The Fate of Skodborghus
Towards the end of the 1500s, Skodborghus' days as a royal palace and independent fief were numbered. In 1573, the castle was placed under Koldinghus and only seven years later, it slipped completely out of the Crown's ownership.
Frederick II was an enthusiastic huntsman and he wanted to establish a collective hunting district in Eastern Jutland. He therefore exchanged Skodborghus with Vranderupgård in Seest parish. The latter belonged to Kirstine Ulfelt, now took up residence at Skodborghus. She had been married to Povl Abildgaard, and the castle became a private noble manor house owned by the Abildgaard family, who took up residence on the estate.
A farm in decline
In 1647, the owner of Skodborghus inherited Mandrup Abildgaard Estrup Manor from Thomas Juul. The two estates were then run together.
The Swedish wars was hard on both the farm and the region, and Skodborghus never regained its previous strength.
The buildings suffered greatly in 1659 hard during the proximity to the Polish auxiliary troops camp in Skudstrup, and many of its tenant farms were destroyed. Skodborghus sank to becoming a tenant farm under Estrup. It was a farm in decline.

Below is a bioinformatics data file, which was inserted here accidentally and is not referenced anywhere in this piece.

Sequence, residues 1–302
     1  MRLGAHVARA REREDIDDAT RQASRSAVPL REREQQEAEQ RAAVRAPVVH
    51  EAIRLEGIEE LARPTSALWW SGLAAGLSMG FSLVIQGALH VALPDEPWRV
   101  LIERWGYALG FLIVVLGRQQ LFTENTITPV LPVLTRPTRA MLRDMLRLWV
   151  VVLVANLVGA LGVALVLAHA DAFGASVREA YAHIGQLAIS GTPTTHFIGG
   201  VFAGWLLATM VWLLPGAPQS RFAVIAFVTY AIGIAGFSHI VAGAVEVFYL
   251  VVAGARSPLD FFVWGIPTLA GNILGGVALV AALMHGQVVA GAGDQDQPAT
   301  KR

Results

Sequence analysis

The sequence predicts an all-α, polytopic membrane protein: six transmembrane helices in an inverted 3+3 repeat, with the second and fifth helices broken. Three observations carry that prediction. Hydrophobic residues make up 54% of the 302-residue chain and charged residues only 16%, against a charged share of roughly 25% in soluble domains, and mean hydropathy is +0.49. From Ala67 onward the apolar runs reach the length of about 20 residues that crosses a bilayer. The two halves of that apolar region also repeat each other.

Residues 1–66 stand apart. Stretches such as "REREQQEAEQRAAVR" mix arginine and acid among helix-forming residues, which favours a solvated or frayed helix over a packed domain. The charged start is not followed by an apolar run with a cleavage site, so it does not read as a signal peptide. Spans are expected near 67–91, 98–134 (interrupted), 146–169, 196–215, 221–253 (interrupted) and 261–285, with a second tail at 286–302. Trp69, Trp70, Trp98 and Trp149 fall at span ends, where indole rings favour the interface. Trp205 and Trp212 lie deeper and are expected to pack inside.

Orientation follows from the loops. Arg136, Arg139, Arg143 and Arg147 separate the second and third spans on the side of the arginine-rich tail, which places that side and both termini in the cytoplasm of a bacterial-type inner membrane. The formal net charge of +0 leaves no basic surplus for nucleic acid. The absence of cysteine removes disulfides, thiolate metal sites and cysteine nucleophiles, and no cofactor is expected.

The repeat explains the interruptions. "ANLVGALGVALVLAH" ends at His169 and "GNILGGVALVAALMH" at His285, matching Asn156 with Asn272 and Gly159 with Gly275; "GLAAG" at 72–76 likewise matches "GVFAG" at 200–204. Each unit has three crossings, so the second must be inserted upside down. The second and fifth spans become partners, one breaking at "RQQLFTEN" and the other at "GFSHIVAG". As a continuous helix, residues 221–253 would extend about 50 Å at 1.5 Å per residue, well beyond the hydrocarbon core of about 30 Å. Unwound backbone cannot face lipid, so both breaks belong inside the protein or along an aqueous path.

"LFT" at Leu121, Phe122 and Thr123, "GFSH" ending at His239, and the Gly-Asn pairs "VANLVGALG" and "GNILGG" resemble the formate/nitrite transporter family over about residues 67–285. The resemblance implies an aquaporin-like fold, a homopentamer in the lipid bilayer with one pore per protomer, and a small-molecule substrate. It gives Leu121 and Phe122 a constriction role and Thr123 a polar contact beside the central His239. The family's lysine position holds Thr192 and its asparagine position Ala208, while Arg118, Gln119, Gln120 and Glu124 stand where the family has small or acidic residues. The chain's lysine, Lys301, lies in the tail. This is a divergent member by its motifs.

Hans Jepsen Gundorph, a farmer's son from Åre, bought Skodborghus in 1772. He resold the farm in 1786 to the customs inspector Michael Møller, who in 1788 parcelled out large parts of the land. Ten new farms and three new smallholdings were created. The farm that remained was a paltry 181 acres of poor soil and crumbling buildings.
Skodborghus is demolished
In 1811, Hans Kristian Thomsen from Skodborg bought the old castle, which was now almost was a ruin. He was the last person who lived at Skodborghus. Three years later he took over the post office and inn and chose to move the farm up to Ribe-Kolding main road. The inn and post office would have a more central location here in relation to the traffic. The old castle was demolished and the stones were reused for the construction of the new farmhouse.
The New Skodborghus farm was in the Thomsen family's ownership for more than 100 years, but in 1866 the property was divided. The grandson Fr. Thomsen inherited the inn. He built the current inn building on the south side of the road. The daughter, Sophie Juliane Thomsen, took over the post office and farm.
The farm burned down in 1929, and the ruins were razed to the ground. The old farm's poor soils were subdivided into six new state smallholdings.
In 1861, Ribe and Haderslev County Council decided to build a new bridge over the river Kongeå. At the same time the road was remade so it would pass over the castle bank. The Thomsen family had already built a pensioner's house on parts of the castle bank, which was leased to the customs authorities in 1865.
In 1895-96, it was decided to clear the rest of the castle banks away. Large amounts of landfill and lime were driven out to the meadows. The last big pile of stones was removed in 1900.
Author: Linda Klitmøller, museum curator, Sønderskov Museum